PROCEDURE First, the curcumin is separated from turmeric by extraction with isopropyl alcohol. In Part B, the spectrum of diluted extract is taken. The absorption maximum is used with Beer’s Law to find the concentration of curcumin in the turmeric sample. Finally, in Part C, the concentrated curcumin solution is used as a pH indicator. Part A: Extraction of Curcumin from Turmeric 1. Place about 1.0 g turmeric in a 250-mL Erlenmeyer flask. The amount need not be 1.0 g exactly, but must be recorded to the nearest 0.1 g and must not be less than 1.0. Add 80 mL rubbing alcohol (~91% isopropyl alcohol), which can be estimated from the markings on the flask. 2. Using a stirring hot plate and stir bar, allow mixture to heat and stir for 30 minutes at a temperature just below boiling (80-83 °C). 3. Cool extract to room temperature (~10 minutes). Using a fluted filter paper, filter by gravity into a 100-mL volumetric flask. Wash any residue with several 5-mL portions of isopropyl alcohol and filter into the volumetric flask, making sure not to go over the 100-mL mark on the neck of the flask. Add isopropyl alcohol to the 100-mL mark. Part B: Spectrum of Curcumin Solution 1. Transfer a 1-mL volume of the extract into a 50-mL volumetric flask and dilute with isopropyl alcohol to the mark. (A calibrated Pasteur pipet is sufficient here.) At this concentration, the absorbance reading at 425 nm (maximum peak) should be within the working range of conventional spectrometers.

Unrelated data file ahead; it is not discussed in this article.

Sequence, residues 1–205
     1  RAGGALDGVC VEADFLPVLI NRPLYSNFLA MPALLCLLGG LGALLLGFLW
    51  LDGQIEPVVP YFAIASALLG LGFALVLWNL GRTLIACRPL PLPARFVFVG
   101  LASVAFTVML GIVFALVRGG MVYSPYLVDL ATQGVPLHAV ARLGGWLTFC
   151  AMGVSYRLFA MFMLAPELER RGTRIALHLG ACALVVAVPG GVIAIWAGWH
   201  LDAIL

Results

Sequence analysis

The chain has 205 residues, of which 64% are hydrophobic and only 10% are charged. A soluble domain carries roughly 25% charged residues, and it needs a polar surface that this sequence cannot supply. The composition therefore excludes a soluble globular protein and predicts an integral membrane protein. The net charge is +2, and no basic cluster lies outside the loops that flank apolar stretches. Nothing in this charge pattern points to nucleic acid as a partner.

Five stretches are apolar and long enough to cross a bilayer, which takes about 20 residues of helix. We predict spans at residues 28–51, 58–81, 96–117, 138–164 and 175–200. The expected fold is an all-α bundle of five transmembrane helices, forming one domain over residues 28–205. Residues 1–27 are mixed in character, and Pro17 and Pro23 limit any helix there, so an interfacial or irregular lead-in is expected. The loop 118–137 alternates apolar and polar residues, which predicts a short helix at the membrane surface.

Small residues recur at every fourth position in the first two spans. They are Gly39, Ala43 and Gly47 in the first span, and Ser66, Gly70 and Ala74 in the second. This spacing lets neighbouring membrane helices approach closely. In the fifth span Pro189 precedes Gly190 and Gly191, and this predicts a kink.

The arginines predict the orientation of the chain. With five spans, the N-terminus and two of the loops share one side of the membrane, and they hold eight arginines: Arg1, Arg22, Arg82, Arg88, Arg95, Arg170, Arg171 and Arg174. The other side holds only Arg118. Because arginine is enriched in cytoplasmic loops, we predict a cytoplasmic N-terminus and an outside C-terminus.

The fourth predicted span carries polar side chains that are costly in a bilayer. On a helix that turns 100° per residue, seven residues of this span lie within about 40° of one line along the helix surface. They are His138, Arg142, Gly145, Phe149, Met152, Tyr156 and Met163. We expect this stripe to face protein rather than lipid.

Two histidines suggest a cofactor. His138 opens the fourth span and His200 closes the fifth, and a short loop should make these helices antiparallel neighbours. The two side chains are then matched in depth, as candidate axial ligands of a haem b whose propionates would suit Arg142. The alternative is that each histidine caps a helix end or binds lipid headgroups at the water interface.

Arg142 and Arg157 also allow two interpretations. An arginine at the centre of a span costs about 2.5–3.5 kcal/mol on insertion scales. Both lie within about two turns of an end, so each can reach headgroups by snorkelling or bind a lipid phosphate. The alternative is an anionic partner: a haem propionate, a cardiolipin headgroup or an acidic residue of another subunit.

1. the extract diluted before taking the spectrum, because the Lambert-Bears law is only valid in diluted solution when the self agreegation of the analyte is negligible.
3.cucurmin change it’s colour at a pH of 7.4 to 8.6
4. because cucurmin is poorly soluble in water